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What Is Depression?

Depression is a very common mood disorder. It’s not the same as feeling sad when bad things happen. If sadness lasts for days or weeks, makes it hard to work or do things with family or friends, or involves thoughts of suicide, depression is present.

Depression is treatable but often not preventable. Lifestyle changes such as lowering stress and increasing leisure time and exercise may lower the risk of having depression. It affects about 80% of people at some time in life and can occur at any age. It’s more common in women than in men.

What Causes Depression?

The cause is unknown. Probably, many things contribute to it. These include chemicals being out of balance in the brain; genetic, environmental, or developmental events; and biological and psychological factors. Drugs such as alcohol or downers can worsen it. Some medical conditions, such as thyroid disease and stroke, are also often related to depression.

What Are the Symptoms of Depression?

Symptoms include trouble sleeping, such as trouble falling asleep but more likely waking up very early in the morning for no reason. Less often, depression can involve too much sleep (people sleep most of the day).

Some people have less appetite, which leads to weight loss, but some people eat more. Other symptoms include losing interest in things; being unable to concentrate; feeling sad; having crying spells, often for no reason; feeling as if the future won’t be better; being agitated or restless; moving and speaking very slowly; and losing interest in sex.

Severe depression involves suicidal or homicidal thoughts or thinking or dreaming about death.

How Is Depression Diagnosed?

No laboratory tests or x-rays can diagnose depression. The health care provider makes a diagnosis from symptoms and past medical history.

How Is Depression Treated?

Treatment usually involves using medicines and talking to a therapist or psychiatrist (talking therapies). Medicines used are antidepressants. Some more common drugs are escitalopram, paroxetine, sertraline, fluoxetine, and citalopram. These are selective serotonin reuptake inhibitors (SSRIs). Others are venlafaxine, duloxetine, and bupropion. Some drugs increase sleep and appetite, but it usually takes 2 to 3 weeks before these drugs help the depression. They also have side effects, such as weight gain, sexual problems, and nausea.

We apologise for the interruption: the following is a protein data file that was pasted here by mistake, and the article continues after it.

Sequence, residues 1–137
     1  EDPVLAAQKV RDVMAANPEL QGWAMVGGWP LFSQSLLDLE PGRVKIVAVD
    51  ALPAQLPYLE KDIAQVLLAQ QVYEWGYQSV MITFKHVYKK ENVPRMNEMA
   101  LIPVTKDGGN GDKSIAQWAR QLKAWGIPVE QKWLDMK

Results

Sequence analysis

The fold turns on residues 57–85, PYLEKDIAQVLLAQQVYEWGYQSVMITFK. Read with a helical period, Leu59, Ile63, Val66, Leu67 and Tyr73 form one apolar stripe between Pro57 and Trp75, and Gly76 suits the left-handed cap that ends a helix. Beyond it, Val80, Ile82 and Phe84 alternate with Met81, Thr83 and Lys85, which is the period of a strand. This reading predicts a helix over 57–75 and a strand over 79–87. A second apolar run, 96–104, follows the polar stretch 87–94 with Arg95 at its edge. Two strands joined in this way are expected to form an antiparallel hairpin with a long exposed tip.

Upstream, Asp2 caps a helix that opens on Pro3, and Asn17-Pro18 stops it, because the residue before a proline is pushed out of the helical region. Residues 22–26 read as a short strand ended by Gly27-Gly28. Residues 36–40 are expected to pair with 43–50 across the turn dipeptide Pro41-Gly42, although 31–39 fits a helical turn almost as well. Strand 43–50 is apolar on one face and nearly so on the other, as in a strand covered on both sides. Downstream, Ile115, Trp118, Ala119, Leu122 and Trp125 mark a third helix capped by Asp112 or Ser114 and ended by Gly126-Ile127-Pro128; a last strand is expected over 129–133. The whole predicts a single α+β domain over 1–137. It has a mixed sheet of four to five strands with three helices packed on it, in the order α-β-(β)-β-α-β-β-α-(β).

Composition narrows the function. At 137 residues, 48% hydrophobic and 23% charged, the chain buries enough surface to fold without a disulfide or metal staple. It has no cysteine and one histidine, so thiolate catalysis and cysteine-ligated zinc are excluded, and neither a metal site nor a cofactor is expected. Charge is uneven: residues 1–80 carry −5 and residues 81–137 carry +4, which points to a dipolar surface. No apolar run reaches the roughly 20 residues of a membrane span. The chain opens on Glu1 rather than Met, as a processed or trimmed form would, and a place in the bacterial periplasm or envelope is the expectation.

DOs and DON’Ts in Managing Depression:

  • DO lower your exposure to stress.
  • DO make sure you eat a healthy diet.
  • DO exercise regularly.
  • DO call your health care provider if your symptoms get worse.
  • DO call your health care provider if you have side effects from your medicines.
  • DO call your health care provider immediately if you have suicidal thoughts or thoughts about killing or hurting someone else.
  • DO call your health care provider immediately if you have psychotic symptoms, such as hearing voices, seeing things that aren’t there, or feeling paranoid.
  • DON’T use alcohol or drugs. These will increase your depression or interfere with certain drugs used to treat depression.
  • DON’T take any prescription or over-the-counter medicine without first checking with the health care provider who prescribed your medicine for depression.

Contact the following sources:

  • Mental Health America
    Tel: (800) 969-6642
  • American Psychiatric Association
  • National Mental Health Association

Copyright © 2016 by Saunders, an imprint of Elsevier, Inc.

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